At the range
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A week later.

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I am a red blooded male and I admit I do not like to read manuals. As a reviewer, I admit, I should know better. TARGETVISION sent not one, but TWO guides. The 19 page manual and birthday card size quick start guide. Again, I did not read either of them and I thought more was wrong with the camera than really was. The camera tube is meant to be 10-15 feet away from the target and off to the side so you do not shoot it. We were use to my other system, which sits about 6 feet away from the target. Don’t be like me and skip reading the important information TARGETVISION sends you. It is not because they want to send you one more booklet for you to lose but so you know how to use your $595 targeting system.

Setting the System

As you can see in the pictures, there are no wires you have to mess with. The TARGETVISION System is pretty much turn the device on, connect to the devices to wifi, open the app and shoot.

App

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I used the system on my iPhone 4s, 6 and my android (don’t judge me) tablet. The system worked great across all three devices. I do prefer to use the tablet over the phones simply because of the larger screen.

Overall Thoughts

I am a big tech fan and I like seeing how new technology is helping me become a better reviewer and better shooter as we have more and more things to assist in giving us instant data to get the round on target better and faster.

I have to note that when the TARGETVISION system is sitting in a 100 yard long wind tunnel with 12 foot high walls of steel belted radial tires the camera does not always connect quickly or stay connected. I don’t spend much time in them so it wasn’t really a problem but it was worth noting. This has to do with how wifi signal carries and not the device.

A feature I would like to see is integration of a ballistic calculator in the app. Also on that note, I would like to see more community involvement so integration can be like the health app on the iPhone which allows you to better track your health with different devices all in one app.  The more data we can share all in one place the better and safer shooters we all become.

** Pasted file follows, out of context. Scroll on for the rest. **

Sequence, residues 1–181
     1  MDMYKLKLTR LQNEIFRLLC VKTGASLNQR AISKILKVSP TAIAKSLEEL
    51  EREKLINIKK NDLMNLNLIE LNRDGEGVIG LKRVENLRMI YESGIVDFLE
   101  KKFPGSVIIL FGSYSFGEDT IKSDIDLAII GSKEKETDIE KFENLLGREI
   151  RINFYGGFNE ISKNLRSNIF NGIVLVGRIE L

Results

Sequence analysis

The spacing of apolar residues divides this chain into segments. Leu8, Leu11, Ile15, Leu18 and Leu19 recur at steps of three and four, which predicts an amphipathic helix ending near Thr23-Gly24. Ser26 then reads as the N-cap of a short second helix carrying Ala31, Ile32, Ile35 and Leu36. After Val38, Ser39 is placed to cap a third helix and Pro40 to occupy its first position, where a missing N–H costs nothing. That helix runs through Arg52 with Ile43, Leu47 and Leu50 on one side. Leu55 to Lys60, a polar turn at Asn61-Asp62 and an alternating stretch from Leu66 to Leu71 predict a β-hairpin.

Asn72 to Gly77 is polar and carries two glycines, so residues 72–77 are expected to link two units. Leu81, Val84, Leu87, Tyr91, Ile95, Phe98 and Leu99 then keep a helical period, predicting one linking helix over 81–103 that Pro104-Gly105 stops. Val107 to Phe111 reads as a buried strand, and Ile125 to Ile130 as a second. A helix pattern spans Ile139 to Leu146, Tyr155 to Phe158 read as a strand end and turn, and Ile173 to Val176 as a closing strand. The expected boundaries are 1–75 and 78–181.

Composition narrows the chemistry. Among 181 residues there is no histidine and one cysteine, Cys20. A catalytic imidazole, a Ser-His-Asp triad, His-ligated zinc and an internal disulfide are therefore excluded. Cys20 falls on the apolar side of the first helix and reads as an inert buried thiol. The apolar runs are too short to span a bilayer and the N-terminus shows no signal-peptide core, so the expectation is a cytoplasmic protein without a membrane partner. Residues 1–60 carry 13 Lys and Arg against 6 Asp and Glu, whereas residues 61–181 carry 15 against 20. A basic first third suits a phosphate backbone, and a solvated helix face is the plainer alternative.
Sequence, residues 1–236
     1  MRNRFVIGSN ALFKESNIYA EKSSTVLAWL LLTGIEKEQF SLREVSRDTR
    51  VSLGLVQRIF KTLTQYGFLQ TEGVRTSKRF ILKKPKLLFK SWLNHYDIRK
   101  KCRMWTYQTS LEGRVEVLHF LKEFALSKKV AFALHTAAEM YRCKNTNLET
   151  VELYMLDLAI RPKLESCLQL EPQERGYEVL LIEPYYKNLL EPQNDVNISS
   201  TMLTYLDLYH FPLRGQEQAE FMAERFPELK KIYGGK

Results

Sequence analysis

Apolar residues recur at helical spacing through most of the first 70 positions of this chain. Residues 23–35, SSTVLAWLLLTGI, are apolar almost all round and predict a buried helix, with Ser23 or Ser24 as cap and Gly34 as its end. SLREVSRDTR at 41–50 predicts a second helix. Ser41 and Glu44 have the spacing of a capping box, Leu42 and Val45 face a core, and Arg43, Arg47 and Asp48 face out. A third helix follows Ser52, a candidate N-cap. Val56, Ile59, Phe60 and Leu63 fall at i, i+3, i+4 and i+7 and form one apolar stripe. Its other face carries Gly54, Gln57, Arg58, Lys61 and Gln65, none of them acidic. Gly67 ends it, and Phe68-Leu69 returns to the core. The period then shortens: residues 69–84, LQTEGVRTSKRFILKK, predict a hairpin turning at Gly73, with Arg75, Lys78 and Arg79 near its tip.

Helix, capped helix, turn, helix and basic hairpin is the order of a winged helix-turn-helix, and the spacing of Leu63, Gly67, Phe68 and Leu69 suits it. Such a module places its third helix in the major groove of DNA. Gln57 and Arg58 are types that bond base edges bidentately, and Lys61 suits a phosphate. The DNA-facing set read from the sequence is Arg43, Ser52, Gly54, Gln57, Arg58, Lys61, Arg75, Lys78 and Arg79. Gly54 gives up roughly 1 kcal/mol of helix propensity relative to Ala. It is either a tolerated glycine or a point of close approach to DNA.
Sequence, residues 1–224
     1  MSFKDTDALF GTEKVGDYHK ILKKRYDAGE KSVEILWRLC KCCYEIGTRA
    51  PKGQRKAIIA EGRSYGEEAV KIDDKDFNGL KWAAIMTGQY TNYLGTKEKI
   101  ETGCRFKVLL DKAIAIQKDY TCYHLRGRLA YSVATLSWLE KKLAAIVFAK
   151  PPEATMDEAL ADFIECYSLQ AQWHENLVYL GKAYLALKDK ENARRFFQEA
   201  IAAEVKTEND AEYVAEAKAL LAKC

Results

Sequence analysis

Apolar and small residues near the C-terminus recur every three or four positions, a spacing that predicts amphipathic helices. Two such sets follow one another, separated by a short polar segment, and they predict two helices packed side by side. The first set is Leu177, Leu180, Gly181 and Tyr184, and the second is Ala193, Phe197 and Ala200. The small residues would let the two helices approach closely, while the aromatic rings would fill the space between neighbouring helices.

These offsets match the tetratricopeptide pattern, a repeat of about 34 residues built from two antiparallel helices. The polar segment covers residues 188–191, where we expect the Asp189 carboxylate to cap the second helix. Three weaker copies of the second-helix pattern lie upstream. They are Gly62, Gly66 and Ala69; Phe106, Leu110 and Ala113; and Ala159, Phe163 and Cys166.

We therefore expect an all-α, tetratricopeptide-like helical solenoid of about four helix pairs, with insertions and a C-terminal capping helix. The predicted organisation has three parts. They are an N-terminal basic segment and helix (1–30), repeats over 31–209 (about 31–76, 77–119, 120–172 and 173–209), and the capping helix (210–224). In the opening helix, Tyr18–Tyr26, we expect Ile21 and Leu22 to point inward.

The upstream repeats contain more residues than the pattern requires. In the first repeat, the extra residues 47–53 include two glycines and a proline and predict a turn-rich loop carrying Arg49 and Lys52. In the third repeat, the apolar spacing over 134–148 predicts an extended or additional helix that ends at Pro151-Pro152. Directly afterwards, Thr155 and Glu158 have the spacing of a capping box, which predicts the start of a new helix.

TARGETVISION is one of the companies who first had a product like this. I liked the camera for 3 reasons: It was easy to set up, easy to use, and all self contained. Being able to mark your shots is important but it is a feature on the other cameras so it doesn’t play as much of a factor into my review as that is the norm.

Poll: What does your range offer you?

Typically there are three different types of ranges a shoot can go to. A range open to the public, a range that is members only and requires a yearly or monthly fee or land you or a friend owns that you normally shoot on.

Today we are polling about what your range offers you and your shooting experience. If you shoot on your own land or a friends land please only answer that part of the poll.

What does your range offer you polll

The polls have been split between Public and membership ranges. Please select all that apply to your range.

 

Poll: Tech in Shooting

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I have noticed as I go to the range lately, I carry out about 75 pounds of gear. This doesn’t even include my guns and their respective cases.

Range Tech in the Range Bag

While a lot of what I carry to the range is related to reviews and just normal work equipment, I have noticed that over the past few years my distance range tech as increased and yet my range distance hasn’t.

I have observed more people with lasers and lights and camera mounts on their $700 M&P-15. I have asked a few why they have this mounted at all times and they tell me that they just need it. Mind you this is not your SWAT officers or Texas National Guard, I am talking to, but that guy who has been in the semi-auto rifle game for 2 years.

Constant Evolution

Like most every other industry, we are subject to constant evolution with the tech world. I carry out my electronic spotting scope for any shots over 25yds. I wear electronic ear muffs to help me hear and still mute the shooting. I use laser trainers at home to help me with my rifle and pistol skill. Tech is replacing the old school shooting world which is helping us with our shooting skills.

Old School

I look back to my grandfather’s era of hunting and shooting and how the trail cameras were the tracks you saw on the ground, the e-spotting scopes were binoculars and monocular spotting scopes, the laser trainers were tin cans on a fence.

It is interesting to me, to see the distance shooters at my local range who are much older and the worries they have are about the clarity of their glass on their high end scope and the twist rates of their bolt action rifles. Then I see the younger shooters looking for every piece of tech they can get their hands on to make them the next top shot.

Controversy

Personally, I love the tech. Even with how tech is changing and making some interesting splashes in the gun industry. Some tech is even controversial such as the Barrett Optical Ranging System (BORS) or the Tracking point systems giving shooter an easier time making the right calculations to hit their target out at 1000+ yards.

Shooting World has Room for All

Change can be scary to some people. All I know is that you can adapt to the new tech in shooting or not. Old school and new school, both have their amazing shooters who defy what we think is possible.